Actuarial Science student from Strathmore Institute of Mathematical Sciences (SIMS), Linda Karimi Gitobu, is a 2017 Blog4Dev contest winner. The 19 year old, wrote an article highlighting the importance of embracing technology in an effort to make Agriculture attractive to the youth. This years’ contest theme was: To farm or not to farm: What opportunities exist for the Kenyan youth to prosper in agriculture and agribusiness.
Noting that agriculture seems not to be a lucrative career option for the youth in this day and age, Karimi gave a personal experience to what in her opinion, would attract the youth in her age bracket into embracing agriculture.
At birth, I was named Karimi, meaning a hardworking farmer. In most African communities, a name shapes a child’s character or even path in life. I thought myself the exception to the rule. Most of my childhood was spent in Naivasha, one of Kenya’s horticultural havens in a wooden bungalow in the middle of a flower farm.
Quite honestly, I hold no more cherished memories than those. Furthermore, my parents, who were privileged enough to go to university, an uncommon thing in their time, have a farm that they religiously visit and tend to themselves, as their fathers did and their fathers before them. But like many youth, I see agriculture to not be enough. Not flashy enough. Not classy enough. Not up to standard. Whatever the changing social standard may be.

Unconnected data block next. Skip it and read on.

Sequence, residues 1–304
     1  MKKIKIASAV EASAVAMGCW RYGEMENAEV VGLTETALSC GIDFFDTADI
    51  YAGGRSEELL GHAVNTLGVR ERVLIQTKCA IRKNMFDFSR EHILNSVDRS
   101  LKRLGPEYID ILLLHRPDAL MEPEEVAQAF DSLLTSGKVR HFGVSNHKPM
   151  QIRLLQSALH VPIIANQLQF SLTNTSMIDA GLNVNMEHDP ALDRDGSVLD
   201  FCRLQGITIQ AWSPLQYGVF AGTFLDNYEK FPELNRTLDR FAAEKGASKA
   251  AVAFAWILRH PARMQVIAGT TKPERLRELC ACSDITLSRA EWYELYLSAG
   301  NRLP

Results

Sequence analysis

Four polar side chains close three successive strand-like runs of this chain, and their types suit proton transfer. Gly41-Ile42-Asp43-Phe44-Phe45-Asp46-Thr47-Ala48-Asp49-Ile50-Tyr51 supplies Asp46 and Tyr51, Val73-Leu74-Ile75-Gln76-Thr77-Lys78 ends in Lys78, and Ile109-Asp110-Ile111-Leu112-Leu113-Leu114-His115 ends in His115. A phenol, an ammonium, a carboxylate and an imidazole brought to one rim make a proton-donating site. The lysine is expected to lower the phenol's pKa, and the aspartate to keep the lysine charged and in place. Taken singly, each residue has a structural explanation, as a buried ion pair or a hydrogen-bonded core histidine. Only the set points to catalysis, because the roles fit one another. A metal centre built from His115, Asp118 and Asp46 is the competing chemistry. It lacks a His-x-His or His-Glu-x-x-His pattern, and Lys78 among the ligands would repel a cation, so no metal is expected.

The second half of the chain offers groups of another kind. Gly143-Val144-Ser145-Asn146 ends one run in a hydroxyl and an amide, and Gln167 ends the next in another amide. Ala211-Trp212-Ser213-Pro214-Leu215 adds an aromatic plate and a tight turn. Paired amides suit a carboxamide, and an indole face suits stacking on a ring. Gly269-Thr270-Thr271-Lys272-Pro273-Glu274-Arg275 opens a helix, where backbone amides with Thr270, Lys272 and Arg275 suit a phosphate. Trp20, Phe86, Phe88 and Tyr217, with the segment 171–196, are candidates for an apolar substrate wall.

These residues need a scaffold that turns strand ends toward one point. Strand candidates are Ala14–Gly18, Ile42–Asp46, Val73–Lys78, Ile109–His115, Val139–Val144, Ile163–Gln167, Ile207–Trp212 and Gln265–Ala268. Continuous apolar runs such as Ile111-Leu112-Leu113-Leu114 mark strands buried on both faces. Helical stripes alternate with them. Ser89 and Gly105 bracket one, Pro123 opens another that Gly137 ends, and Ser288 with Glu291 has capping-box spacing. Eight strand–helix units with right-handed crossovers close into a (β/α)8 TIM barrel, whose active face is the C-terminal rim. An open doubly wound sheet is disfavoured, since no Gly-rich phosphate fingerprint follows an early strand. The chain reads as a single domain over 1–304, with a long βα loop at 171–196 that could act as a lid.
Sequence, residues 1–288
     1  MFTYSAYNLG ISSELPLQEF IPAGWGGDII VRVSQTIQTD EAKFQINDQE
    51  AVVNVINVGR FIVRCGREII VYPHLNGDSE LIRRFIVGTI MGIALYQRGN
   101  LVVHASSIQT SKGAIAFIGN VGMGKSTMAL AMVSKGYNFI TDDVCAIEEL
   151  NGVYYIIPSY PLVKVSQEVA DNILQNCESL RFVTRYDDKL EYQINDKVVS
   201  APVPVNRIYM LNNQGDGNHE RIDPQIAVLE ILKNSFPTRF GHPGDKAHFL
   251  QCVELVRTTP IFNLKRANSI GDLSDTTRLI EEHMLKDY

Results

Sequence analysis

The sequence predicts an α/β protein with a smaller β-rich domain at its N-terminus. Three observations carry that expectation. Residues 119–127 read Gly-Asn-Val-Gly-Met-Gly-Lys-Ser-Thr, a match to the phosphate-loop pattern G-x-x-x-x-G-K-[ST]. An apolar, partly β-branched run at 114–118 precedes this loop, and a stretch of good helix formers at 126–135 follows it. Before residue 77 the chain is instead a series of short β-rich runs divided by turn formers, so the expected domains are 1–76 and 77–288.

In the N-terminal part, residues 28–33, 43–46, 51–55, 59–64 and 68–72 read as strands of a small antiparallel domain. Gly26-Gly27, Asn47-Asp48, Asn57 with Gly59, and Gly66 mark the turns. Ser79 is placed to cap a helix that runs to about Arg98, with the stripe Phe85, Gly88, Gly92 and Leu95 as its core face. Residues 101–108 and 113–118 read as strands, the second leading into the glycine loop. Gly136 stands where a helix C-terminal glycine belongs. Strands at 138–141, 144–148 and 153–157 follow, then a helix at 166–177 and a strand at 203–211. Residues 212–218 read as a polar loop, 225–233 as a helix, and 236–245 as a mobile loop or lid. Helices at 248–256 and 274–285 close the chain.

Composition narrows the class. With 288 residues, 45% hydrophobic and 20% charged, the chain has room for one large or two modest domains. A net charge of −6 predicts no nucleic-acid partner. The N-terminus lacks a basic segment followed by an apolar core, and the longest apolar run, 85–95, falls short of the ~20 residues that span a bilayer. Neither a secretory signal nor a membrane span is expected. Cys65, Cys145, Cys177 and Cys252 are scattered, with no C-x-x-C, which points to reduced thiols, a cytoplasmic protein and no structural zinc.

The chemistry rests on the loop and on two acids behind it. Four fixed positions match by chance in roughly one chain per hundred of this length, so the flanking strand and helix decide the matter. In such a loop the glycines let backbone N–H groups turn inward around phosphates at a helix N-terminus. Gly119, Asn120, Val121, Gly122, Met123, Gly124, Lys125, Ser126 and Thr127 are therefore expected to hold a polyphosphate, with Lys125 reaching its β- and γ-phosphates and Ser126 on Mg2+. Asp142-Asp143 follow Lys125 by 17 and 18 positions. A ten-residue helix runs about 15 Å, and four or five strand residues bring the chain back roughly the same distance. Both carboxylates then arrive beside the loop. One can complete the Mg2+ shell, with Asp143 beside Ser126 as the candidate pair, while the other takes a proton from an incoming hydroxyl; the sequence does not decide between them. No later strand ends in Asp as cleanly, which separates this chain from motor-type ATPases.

It is not ignorance as many people believe. The youth are aware of the statistics. They are aware that Egypt and Mesopotamia, a few of the world’s greatest ancient civilizations, were built on agriculture as are some of the Africa’s fastest growing economies: Rwanda, Côte d’Ivoire, and Ethiopia. Furthermore, they are aware of the profitability of the sector.
Unfortunately, they are not only unconcerned but also moving away from rural agricultural areas and into the urban areas. However, what the youth are concerned about is the modern version of ‘showing face’ or how the world perceives you.
The passionate 2nd year student who values conservation, environment and wildlife, strives to make a difference in providing sustainable solutions in the agricultural field.
She is the youngest among the three winners in this year’s contest, after competing against over 1,000 young Kenyans between the ages of 18 and 28. The winners will attend the 2017 World Bank Spring Meetings that will be held at Washington DC from April 17-23, 2017.
After submitting their essays in early December for the contest, the submitted blogs were reviewed by a number of World Bank staff with 13 bloggers being shortlisted for a face to face interview, after which the three winners were selected.
To read the full blog, click here.
Congratulations to Karimi on the outstanding achievement.